September 7, 2002 - Storefront for Art and Architecture - Warren Neidich, “Remapping”
September 7, 2002

Warren Neidich, “Remapping”

Warren Neidich

September 14 – October 14, 2002

Storefront for Art and Architecture
97 Kenmare Street, New York, NY

Warren Neidich, Blind Man’s Bluff (2002), video still

Opening, September 14, 6-8 pm

New York and Los Angeles-based artist Warren Neidich explores the complex relationships between architecture, film and photography in the urban environment. In the Storefront gallery, Neidich will exhibit for the first time in New York the complete work Remapping, a series of 10 foot long digitally collaged photos of a Los Angeles office building with a mirrored façade, as well as Blind Mans Bluff, a new video piece shot at the same location. A term borrowed from neurobiology, “Remapping” is a process by which one part of the brain takes over the function of an adjacent, debilitated one. In Neidichs work it functions as an analogy for the way that information, via the narrative of film, has been increasingly mapped onto the built environment and changed the way the individual experiences time and space. In his opinion these reconfigured relations have implications for the way that the brain processes information resulting in what he refers to as the mutated observer.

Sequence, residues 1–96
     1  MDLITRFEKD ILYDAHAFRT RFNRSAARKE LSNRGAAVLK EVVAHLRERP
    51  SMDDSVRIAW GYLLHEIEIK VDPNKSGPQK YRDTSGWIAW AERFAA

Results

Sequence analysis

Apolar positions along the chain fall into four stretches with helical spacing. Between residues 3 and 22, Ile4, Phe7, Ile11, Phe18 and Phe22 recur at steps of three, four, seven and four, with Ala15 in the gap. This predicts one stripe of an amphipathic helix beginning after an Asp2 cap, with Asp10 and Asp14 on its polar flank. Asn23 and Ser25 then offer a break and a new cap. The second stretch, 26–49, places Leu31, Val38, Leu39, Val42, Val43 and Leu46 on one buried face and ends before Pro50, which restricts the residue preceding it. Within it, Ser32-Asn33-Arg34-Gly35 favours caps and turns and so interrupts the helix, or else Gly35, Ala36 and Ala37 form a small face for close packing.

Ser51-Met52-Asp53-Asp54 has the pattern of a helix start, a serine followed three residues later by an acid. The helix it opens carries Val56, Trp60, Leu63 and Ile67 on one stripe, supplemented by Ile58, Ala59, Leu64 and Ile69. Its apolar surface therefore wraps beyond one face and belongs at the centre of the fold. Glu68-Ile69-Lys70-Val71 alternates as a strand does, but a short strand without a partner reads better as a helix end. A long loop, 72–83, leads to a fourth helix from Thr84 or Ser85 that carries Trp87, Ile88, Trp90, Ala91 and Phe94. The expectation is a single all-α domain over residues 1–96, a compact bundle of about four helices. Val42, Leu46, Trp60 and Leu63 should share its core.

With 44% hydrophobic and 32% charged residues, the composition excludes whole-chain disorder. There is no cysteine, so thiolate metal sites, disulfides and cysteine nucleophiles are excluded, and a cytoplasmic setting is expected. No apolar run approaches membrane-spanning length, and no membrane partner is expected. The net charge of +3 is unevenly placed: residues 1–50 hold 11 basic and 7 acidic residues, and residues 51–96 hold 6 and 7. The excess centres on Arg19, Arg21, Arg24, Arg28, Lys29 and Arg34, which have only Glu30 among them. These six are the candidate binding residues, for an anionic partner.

Neidich will also perform an intervention on the Storefront façade (designed by Vito Acconci and Steven Holl, 1993). By affixing stainless steel panes to the inside and outside of four vertically rotating panels, he will transform the façade into a large-scale perspectival device reflecting moving images of the street into the gallery and images of the gallery out onto the street. Visitors will be encouraged to adjust the angles of the doors, allowing them to manipulate the building/ work of art and its optical effects.

In 2002 Warren Neidich has had one man exhibitions at the MullerdeChiara Gallery in Berlin and Edward Mitterand Gallery in Geneva. Later this year he will exhibit at The California Museum of Photography in Riverside, California. His collected writings entitled “Blow-up, Photography, Cinema and the Brain” with an introduction by Norman Bryson will be published in the fall of 2003 by DAP and the California Museum of Photography in conjunction with the Ford Foundation. #2, the website he co-founded concerning art, culture and the brain, was launched last June at the Basel Art Fair in Switzerland. He is also currently a participating artist in the New Views Dumbo studio program sponsored by the Lower Manhattan Cultural Council.

Founded in 1982, Storefront for Art and Architecture is a nonprofit organization committed to the advancement of innovative positions in art, architecture and design.

Gallery Hours:

Wednesday Sunday, 11am – 6pm

For more information:

Storefront for Art and Architecture

New York, NY 10012, 97 Kenmare Street, NY 10012

t. 212.431.5795, f. 212.431.5755, e.

Storefront for Art and Architecture
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